Career in Public relations
Sarah French is communications manager for Britain's biggest conservation and heritage charity, The National Trust, and manages the communications department's support staff. She is based at the head office in Swindon but works in the London office too, and is in regular contact with regional teams around the country.
What does your career involve?
My main responsibilities are in external communications, I produce news releases to send to the press – newspapers, magazines, TV/radio contacts and freelance journalists – and deal with enquiries from them. These can be about the Trust's activities, new properties opening, new developments, events being organised and so on.
I also collect information and articles for our website, researching and writing features and sourcing photographs to accompany them.
Does this mean a lot of research?
Yes, mostly at my desk – telephoning people who work in the regions and at our properties for information. I also visit our historic houses and gardens, to see them personally and find out about the latest news and events.
What are your routine tasks?
I co-ordinate the work of the support assistants to ensure our team functions as smoothly as possible. We regularly meet to discuss their workloads and plan forthcoming projects. We do a daily press summary, which involves searching all papers and magazines for articles or letters about the National Trust or any major issues that might affect our work in certain areas.
I have to work to deadlines all the time. At the moment I'm organising an event to introduce volunteers to our new promotional campaign. I'm also working on a new archaeology section for the website, which has to be up and running by the end of the year.
What do you like best about your career in public relations?
I enjoy all the different tasks and subjects I get to work on. The Trust's work is so diverse, as we own and manage coastal and countryside areas as well as all the different types of historic properties.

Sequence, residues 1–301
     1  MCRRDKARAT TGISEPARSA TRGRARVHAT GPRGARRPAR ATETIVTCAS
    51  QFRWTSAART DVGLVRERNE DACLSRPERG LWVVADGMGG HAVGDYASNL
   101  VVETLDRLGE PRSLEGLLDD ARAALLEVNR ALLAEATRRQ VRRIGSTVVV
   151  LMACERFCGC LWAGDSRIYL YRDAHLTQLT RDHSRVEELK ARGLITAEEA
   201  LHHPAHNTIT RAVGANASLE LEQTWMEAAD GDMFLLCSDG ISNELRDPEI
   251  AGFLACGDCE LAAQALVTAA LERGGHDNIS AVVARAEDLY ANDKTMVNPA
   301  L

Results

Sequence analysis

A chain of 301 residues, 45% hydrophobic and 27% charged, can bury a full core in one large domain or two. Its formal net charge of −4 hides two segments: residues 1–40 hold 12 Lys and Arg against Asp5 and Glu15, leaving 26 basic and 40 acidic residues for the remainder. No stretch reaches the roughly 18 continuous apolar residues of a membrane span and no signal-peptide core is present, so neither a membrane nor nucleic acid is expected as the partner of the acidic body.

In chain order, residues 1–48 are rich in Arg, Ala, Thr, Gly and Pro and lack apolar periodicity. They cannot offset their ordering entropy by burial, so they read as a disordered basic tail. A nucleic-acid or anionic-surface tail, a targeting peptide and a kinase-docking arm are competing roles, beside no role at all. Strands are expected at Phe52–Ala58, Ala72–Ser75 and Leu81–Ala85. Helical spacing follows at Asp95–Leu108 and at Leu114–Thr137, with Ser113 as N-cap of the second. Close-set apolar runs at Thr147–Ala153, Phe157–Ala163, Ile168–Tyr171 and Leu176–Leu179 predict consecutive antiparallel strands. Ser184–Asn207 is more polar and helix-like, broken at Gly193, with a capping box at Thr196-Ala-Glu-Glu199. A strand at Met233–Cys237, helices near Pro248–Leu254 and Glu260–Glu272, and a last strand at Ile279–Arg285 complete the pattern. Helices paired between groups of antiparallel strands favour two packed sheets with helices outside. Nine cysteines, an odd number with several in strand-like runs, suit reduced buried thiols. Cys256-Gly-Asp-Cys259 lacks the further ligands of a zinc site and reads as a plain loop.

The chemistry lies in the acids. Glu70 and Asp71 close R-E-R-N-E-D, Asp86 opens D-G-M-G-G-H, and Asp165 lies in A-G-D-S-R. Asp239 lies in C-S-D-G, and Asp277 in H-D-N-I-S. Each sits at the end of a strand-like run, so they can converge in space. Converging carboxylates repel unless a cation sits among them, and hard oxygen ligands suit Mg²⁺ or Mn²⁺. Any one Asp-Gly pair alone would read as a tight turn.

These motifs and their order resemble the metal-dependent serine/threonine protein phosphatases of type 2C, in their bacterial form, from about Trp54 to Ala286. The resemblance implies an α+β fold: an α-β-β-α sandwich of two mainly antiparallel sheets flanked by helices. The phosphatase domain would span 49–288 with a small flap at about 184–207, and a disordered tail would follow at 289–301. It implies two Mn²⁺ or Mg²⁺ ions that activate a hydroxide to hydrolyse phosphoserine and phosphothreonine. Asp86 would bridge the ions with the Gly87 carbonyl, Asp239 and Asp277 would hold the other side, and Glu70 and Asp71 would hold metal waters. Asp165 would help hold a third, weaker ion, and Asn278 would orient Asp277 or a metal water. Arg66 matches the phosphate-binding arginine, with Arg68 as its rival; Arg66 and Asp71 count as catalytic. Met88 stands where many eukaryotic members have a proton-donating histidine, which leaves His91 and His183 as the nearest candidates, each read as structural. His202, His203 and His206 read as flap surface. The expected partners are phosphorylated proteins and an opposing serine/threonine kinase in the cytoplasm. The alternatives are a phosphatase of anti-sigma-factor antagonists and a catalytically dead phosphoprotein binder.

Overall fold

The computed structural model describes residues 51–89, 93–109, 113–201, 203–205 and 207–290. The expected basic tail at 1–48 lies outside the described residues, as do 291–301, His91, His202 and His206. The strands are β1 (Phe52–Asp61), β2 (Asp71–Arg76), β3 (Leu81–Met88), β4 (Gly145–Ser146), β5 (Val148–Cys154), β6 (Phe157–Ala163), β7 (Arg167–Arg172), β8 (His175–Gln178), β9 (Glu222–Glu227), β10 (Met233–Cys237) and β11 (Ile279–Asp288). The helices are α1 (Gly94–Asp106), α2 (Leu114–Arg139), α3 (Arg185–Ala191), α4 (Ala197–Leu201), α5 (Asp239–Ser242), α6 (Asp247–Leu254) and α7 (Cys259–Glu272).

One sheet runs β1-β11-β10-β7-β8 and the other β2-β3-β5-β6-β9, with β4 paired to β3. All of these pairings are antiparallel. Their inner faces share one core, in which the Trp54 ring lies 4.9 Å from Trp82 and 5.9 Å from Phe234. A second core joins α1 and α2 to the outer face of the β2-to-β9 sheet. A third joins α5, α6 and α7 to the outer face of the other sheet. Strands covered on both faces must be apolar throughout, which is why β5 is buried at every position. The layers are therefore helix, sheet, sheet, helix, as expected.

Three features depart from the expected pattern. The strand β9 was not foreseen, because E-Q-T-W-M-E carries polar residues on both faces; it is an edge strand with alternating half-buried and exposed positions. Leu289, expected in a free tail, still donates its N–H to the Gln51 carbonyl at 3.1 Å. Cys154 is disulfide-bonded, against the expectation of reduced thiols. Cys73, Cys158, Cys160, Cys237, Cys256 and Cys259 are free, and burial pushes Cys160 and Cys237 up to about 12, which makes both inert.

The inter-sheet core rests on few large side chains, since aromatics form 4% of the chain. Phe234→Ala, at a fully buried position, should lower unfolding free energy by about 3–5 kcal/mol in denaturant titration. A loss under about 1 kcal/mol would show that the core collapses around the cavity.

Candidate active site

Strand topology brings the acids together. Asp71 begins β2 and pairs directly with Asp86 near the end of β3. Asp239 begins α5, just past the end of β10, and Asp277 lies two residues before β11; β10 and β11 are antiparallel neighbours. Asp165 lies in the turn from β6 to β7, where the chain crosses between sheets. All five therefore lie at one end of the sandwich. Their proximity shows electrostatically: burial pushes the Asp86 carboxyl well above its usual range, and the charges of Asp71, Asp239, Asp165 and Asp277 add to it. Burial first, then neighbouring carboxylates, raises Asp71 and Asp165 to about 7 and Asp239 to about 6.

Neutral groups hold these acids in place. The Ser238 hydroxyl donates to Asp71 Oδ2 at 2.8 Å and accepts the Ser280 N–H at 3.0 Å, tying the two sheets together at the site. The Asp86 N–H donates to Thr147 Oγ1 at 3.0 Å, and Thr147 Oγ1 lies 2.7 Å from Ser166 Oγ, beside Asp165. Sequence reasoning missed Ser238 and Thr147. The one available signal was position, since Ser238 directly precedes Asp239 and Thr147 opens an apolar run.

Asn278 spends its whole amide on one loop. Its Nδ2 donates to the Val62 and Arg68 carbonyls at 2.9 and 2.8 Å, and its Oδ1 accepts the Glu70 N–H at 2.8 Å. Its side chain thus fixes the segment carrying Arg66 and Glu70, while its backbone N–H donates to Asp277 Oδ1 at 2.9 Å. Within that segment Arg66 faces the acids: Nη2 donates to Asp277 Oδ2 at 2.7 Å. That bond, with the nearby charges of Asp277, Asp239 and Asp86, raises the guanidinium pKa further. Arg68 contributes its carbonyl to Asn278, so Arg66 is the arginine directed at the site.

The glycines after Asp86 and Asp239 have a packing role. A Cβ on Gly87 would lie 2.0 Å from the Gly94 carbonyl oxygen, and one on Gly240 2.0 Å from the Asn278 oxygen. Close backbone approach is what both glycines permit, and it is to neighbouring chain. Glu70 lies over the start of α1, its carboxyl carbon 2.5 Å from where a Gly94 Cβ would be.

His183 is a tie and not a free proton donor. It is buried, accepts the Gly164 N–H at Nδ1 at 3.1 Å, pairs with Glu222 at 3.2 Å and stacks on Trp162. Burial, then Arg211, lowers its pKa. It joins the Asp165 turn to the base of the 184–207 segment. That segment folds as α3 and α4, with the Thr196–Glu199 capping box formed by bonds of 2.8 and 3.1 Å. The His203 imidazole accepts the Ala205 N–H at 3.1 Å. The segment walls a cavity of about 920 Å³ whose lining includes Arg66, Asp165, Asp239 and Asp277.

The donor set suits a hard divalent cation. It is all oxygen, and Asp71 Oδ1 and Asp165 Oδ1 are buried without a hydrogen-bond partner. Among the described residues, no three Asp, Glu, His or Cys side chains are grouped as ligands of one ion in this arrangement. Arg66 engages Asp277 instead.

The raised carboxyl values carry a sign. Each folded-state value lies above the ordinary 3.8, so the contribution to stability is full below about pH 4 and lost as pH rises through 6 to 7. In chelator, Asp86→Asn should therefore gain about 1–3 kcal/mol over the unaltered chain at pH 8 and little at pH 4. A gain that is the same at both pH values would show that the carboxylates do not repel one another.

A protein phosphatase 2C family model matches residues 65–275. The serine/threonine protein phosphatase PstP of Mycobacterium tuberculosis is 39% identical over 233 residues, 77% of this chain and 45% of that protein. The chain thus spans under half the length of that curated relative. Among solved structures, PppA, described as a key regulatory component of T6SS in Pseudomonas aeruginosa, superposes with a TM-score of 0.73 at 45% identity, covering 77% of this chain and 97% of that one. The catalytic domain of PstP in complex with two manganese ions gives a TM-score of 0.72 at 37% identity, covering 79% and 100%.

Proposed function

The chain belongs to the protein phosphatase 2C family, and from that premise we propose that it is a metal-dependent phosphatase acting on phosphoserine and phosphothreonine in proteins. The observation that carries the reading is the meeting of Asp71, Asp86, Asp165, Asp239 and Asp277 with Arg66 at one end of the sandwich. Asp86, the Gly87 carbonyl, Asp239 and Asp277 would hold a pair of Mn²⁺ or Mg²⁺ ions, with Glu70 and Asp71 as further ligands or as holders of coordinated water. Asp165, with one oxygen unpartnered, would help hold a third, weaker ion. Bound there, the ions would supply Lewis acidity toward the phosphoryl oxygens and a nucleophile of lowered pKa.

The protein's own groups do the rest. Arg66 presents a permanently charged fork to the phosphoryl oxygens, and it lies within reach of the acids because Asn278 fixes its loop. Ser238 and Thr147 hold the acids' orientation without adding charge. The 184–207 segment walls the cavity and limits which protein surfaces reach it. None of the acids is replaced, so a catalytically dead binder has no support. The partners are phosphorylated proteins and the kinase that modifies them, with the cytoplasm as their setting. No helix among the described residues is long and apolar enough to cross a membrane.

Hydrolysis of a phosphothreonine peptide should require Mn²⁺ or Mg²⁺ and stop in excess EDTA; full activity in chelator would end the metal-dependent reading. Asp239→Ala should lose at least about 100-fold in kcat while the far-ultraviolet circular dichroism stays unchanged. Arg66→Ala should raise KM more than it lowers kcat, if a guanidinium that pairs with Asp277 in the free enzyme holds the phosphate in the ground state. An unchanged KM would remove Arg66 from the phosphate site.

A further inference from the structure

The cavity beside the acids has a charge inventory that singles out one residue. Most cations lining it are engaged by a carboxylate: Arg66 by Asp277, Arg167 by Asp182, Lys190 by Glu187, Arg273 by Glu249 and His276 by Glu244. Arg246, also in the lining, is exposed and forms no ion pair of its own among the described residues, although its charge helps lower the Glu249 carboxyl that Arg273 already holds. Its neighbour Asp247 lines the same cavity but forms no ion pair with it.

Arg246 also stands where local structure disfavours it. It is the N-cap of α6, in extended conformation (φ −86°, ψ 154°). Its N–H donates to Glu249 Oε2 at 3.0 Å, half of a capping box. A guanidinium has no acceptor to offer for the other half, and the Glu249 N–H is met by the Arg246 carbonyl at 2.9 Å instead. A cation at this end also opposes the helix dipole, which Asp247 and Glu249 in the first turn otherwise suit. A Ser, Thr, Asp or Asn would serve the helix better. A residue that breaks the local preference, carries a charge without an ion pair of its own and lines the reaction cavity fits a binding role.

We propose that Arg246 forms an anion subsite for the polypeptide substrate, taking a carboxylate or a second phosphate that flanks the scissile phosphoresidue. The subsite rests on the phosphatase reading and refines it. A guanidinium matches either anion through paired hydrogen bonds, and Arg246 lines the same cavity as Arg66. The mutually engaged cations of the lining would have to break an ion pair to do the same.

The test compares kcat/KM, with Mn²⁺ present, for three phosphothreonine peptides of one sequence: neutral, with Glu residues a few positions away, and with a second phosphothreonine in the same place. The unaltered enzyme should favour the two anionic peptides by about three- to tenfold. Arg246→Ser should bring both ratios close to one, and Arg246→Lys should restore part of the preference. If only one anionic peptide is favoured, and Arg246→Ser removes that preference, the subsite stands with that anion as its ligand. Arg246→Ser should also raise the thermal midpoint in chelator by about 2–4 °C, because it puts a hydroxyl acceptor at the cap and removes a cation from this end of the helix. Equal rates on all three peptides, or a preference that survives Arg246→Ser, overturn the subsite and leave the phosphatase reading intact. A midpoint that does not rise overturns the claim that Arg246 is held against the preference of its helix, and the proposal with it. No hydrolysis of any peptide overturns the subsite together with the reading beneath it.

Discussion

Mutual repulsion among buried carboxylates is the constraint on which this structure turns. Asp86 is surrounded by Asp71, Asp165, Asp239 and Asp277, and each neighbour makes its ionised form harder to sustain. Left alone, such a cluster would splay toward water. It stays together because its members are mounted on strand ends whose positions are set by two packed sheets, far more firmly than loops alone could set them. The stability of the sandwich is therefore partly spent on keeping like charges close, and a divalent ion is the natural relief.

I deal with lots of interesting people too – 15 altogether in communications, and a multitude of Trust conversation staff, volunteers, members and journalists.
What particular skills and qualities are needed for a career in public relations?
It's vital to have a genuine interest in the organisation you're working for and believe in its work and aims. This is especially important working for a charity, as salaries are usually lower than in commercial companies. You also have to be hard working and creative, with good people skills.
What are your main challenges?
Having to work on lots of projects and jobs at the same time can be quite a balancing act. It's a challenge and you have to be flexible, but it's fun and a great way to develop skills.
Do you have any plans for the future?
I love working for The National Trust and would like to build my career here. It'–s a very supportive organisation, with plenty of opportunity to move into different areas of work – at the centre, regions or our properties. With training and experience, I could perhaps manage a country house one day!
Sarah's route to her career in public relations
- Degree in History.
- Started work for The National Trust as an assistant in the communications department.
- Promoted within six months.
Sarah's public relations tips
- Gain experience by doing voluntary work.
- Try to get work experience/holiday work with a local newspaper, radio station, communications or public relations company.
- Read up about the activities of companies/organisations working in the type of business which interest you.
Public relations related jobs
- Advertising account planner
- Advertising media planner
- Marketing manager
- Publishing editor
Salary working in public relations
- The usual starting salary for a communications or public relations (PR) manager is between £15,000 and £20,000.
- With experience, this can rise to around £24,000 to £25,000.
- Senior communications managers/directors can earn from around £40,000 up to £100,000 or more.
- Salaries vary according to experience, type of employer and location in the UK.
How to work in public relations
- Most communications/PR managers are graduates. It is a very competitive field of work, so having a Degree in Public Relations can often be advantageous. Other useful subjects include English and marketing, although some employers do not ask for a specific subject. The Institute of Public Relations (PR) can provide a list of approved public relations degrees and postgraduate diploma courses.
- It is possible to work up through an organisation to management level, especially with experience of working in its communications, PR or marketing department.
- Other useful qualifications are the IPR Diploma and Advanced Certificate in Public Relations and BTEC/SQA Higher National Diploma (HND) in Media (Journalism).
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